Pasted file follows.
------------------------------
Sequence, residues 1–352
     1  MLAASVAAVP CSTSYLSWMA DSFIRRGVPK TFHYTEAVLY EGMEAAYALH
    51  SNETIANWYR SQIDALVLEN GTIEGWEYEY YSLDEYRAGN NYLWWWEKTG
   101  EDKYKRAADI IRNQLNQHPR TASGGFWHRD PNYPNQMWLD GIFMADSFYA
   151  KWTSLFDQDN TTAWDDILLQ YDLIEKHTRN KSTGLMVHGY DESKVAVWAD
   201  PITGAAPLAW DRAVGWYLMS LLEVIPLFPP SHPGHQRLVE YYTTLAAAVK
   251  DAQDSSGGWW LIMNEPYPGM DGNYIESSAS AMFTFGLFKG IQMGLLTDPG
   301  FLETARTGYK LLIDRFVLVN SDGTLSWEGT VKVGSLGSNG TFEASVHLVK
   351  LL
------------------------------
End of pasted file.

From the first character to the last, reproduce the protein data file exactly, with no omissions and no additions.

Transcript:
Sequence, residues 1–352
     1  MLAASVAAVP CSTSYLSWMA DSFIRRGVPK TFHYTEAVLY EGMEAAYALH
    51  SNETIANWYR SQIDALVLEN GTIEGWEYEY YSLDEYRAGN NYLWWWEKTG
   101  EDKYKRAADI IRNQLNQHPR TASGGFWHRD PNYPNQMWLD GIFMADSFYA
   151  KWTSLFDQDN TTAWDDILLQ YDLIEKHTRN KSTGLMVHGY DESKVAVWAD
   201  PITGAAPLAW DRAVGWYLMS LLEVIPLFPP SHPGHQRLVE YYTTLAAAVK
   251  DAQDSSGGWW LIMNEPYPGM DGNYIESSAS AMFTFGLFKG IQMGLLTDPG
   301  FLETARTGYK LLIDRFVLVN SDGTLSWEGT VKVGSLGSNG TFEASVHLVK
   351  LL